Great Loss to Chinnor – Obituary of William Joseph Brazell

THAME GAZETTE
Tuesday, April 30, 1946

GREAT LOSS TO CHINNOR

We have to report with very deep regret the passing of Mr. W. J. BRAZELL, one of Chinnor’s most respected residents who was, for many years our representative in that district. Nobody would have detected from his appearance and his upright figure that Mr. BRAZELL had reached the advanced age of 78, and right up to the day before his death his expectation of life seemed still unlimited.

On Easter Sunday, he visited his daughter, Mrs. [Adeline] EGGLETON, but on his return home he was not in his usual health. He passed away the next day as peacefully as even his best friends could have wished.

Mr. BRAZELL; who was the eldest of a family of eleven, was born at Bledlow, but resided for over 60 years in Chinnor, where he was in business as a retail grocer.

His interests outside the realm of business were amazingly diverse, ranging, as they did, from public works to literature, nature study, archaeology and religion. For three years he was a County Counsellor and was later co-opted on to Oxford Educational Committee. Right up to the time of his death he was a member of Thame Old Age Pensions Committee and one of the managers of Chinnor School, where he was a frequent visitor, his nature talks being ever welcome to the pupils who owe so much to his knowledge and kindly method of imparting it.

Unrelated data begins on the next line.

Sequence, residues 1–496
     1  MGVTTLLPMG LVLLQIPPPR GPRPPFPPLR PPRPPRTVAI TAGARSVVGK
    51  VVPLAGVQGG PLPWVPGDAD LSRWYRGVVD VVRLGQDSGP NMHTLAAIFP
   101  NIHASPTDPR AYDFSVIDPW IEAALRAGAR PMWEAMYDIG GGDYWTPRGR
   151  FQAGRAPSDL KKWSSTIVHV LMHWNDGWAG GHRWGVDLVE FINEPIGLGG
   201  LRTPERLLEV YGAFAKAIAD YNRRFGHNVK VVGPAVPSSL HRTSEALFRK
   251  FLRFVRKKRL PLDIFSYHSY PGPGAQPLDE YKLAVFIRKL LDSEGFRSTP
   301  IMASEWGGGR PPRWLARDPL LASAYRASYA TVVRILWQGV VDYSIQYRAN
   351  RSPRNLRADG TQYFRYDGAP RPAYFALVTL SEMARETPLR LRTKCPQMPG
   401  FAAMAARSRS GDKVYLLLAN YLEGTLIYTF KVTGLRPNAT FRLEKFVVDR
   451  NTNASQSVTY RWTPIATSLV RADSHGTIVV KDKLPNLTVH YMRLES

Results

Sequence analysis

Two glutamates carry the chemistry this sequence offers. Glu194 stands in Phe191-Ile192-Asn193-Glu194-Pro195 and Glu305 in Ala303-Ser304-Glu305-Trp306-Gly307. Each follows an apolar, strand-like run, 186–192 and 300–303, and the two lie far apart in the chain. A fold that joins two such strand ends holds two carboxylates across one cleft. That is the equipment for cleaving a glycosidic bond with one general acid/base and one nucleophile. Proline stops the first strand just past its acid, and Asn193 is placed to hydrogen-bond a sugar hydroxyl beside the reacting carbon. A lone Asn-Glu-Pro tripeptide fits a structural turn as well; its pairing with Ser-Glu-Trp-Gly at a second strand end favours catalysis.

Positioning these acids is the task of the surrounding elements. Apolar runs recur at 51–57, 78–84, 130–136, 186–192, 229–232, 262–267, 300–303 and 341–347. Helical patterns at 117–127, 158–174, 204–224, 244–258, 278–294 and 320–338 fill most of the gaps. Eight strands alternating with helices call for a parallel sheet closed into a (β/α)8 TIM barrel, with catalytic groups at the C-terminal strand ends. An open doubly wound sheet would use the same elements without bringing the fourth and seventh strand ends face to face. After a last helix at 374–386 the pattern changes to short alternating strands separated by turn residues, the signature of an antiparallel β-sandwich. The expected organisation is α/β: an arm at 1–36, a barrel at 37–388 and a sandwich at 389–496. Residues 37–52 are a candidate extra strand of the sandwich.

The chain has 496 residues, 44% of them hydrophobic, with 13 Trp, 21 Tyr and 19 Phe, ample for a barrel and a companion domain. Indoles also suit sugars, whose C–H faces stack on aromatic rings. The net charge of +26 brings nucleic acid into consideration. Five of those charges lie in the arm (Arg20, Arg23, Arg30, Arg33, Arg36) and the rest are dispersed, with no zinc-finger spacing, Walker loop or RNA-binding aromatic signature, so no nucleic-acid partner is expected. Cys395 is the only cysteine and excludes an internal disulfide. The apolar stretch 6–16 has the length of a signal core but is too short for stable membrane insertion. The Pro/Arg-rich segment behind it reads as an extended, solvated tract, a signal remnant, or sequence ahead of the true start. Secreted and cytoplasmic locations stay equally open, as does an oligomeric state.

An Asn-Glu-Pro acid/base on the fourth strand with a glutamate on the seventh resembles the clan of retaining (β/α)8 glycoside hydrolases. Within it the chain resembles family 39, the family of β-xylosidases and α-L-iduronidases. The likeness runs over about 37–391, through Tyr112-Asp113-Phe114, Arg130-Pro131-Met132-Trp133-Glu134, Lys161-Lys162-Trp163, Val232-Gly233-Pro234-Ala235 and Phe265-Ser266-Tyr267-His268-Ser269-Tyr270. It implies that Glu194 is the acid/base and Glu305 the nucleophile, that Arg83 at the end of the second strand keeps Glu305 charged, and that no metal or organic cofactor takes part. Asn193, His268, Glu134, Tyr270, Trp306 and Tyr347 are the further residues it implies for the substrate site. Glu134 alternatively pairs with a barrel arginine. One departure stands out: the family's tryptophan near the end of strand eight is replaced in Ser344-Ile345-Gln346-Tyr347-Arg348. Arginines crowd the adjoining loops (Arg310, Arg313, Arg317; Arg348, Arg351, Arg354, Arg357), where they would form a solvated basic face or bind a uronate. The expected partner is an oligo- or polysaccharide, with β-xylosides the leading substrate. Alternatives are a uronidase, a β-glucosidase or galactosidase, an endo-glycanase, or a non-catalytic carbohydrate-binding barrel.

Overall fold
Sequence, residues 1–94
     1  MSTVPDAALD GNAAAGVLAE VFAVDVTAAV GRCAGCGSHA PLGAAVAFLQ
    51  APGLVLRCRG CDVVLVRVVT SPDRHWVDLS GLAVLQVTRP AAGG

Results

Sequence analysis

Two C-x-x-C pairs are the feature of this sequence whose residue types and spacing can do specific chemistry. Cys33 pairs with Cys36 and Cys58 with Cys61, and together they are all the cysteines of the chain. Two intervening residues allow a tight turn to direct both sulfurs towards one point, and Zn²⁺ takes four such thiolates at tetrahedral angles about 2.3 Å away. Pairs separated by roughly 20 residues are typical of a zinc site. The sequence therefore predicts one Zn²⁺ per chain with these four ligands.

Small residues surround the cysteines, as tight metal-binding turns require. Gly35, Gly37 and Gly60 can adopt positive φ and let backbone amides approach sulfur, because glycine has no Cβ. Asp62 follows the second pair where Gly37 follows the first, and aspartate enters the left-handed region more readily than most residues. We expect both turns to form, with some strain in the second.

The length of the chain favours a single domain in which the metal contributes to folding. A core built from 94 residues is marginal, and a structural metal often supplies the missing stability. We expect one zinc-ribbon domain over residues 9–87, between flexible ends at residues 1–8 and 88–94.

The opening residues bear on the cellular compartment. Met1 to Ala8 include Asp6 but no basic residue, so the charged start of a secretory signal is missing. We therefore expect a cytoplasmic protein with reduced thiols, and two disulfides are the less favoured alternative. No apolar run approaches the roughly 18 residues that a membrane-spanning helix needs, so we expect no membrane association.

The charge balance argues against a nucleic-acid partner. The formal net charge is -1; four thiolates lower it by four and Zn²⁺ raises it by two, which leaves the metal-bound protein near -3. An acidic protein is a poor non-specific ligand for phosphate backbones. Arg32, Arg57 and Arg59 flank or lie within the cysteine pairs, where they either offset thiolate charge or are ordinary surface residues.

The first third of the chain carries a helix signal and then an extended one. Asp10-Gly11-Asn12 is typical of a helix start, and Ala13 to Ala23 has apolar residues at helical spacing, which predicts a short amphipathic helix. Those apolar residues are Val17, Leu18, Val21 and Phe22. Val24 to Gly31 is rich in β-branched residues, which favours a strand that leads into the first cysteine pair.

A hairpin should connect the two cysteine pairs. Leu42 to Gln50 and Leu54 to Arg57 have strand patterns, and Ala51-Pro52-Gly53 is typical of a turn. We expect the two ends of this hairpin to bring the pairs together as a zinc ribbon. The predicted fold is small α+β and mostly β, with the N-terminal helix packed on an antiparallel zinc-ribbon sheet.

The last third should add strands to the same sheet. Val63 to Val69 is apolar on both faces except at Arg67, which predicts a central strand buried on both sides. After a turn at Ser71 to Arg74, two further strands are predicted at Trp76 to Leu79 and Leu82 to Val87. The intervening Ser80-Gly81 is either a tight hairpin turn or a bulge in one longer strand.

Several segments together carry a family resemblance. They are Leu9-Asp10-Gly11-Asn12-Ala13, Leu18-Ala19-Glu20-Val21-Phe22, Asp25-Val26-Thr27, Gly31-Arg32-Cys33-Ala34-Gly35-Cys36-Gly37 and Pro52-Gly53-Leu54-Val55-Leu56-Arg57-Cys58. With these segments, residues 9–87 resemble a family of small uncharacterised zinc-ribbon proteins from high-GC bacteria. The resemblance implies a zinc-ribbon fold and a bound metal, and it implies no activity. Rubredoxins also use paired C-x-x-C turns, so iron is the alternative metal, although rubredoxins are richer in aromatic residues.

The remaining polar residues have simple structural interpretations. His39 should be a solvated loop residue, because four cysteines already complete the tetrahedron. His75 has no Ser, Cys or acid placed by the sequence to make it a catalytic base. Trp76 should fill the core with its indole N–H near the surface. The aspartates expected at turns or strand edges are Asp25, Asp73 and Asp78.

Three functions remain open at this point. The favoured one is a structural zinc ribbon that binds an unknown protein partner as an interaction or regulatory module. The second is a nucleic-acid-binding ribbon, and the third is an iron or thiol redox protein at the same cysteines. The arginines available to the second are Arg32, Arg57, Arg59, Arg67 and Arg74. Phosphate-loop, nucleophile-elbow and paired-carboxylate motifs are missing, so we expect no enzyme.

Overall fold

Among his other activities of public usefulness he was the first hon. treasurer of the Village Hall, secretary and deacon of the Congregational Chapel, originator of the P.S.A. services in the Reading Room, and an active member of the Industrial Co-partnership Association. In this regard, it is worthy of mention that he turned his own business into a co-partnership many years ago and was credited with being the pioneer of that movement in this locality. He recently had to abandon his valued lectures on Nature Study to the Women´s Institutes, of which he had delivered no less than one hundred, on account of his growing deafness.

He was cremated at Oxford on Thursday, and after the cremation his ashes were brought back to the village he had loved so well and were interred in the Church of England graveyard after an inspiring memorial service on Saturday afternoon.

Among the many floral tributes laid on the grave were:

In memory of a beloved husband.

With loving and cherished memories of our dear brother William, from Will and Adeline, David and Angela, and Auntie Rho.

With our love, Grampy, from Betty, Bob and Andrew.

With deepest sympathy and in beloved remembrance, from Emile Levermore, Millicent Garnham, and L. W. Levermore.

With sincere sympathy and happy memories, from the Congregational Church, Chinnor.

A token of respect and esteem with every sympathy, from the Managers and Staff of Chinnor C. of E. School.

With deepest sympathy, from his co-partners A. J. Seymour, R. J. Witney, S. W. Frost and Jack.

With deepest sympathy, from Mr. and Mrs. Cuthbert and Basil.

In affectionate remembrance, from Mr. and Mrs. Ron Siarey.

Kind remembrance, from Mr. and Mrs. Walter Johnson and Mrs. E. P. Baker.

With deepest sympathy, from Mr. and Mrs. L. Johnston and family.

With kind remembrance, from Mr. and Mrs. F. J. North and family and Miss A. B. White.

With sincere sympathies and happy memories of a treasured friend-Mr. and Mrs. C. Gibbs.

In fondest memory from “Grampie,” Veve and Trixie.

With kindest remembrance, from Mrs. George Cocks and Edie.

Deepest sympathy, from Mrs. Baldwyn, Mrs. Arnold and family.

Transcript © Paul Brazell 2018

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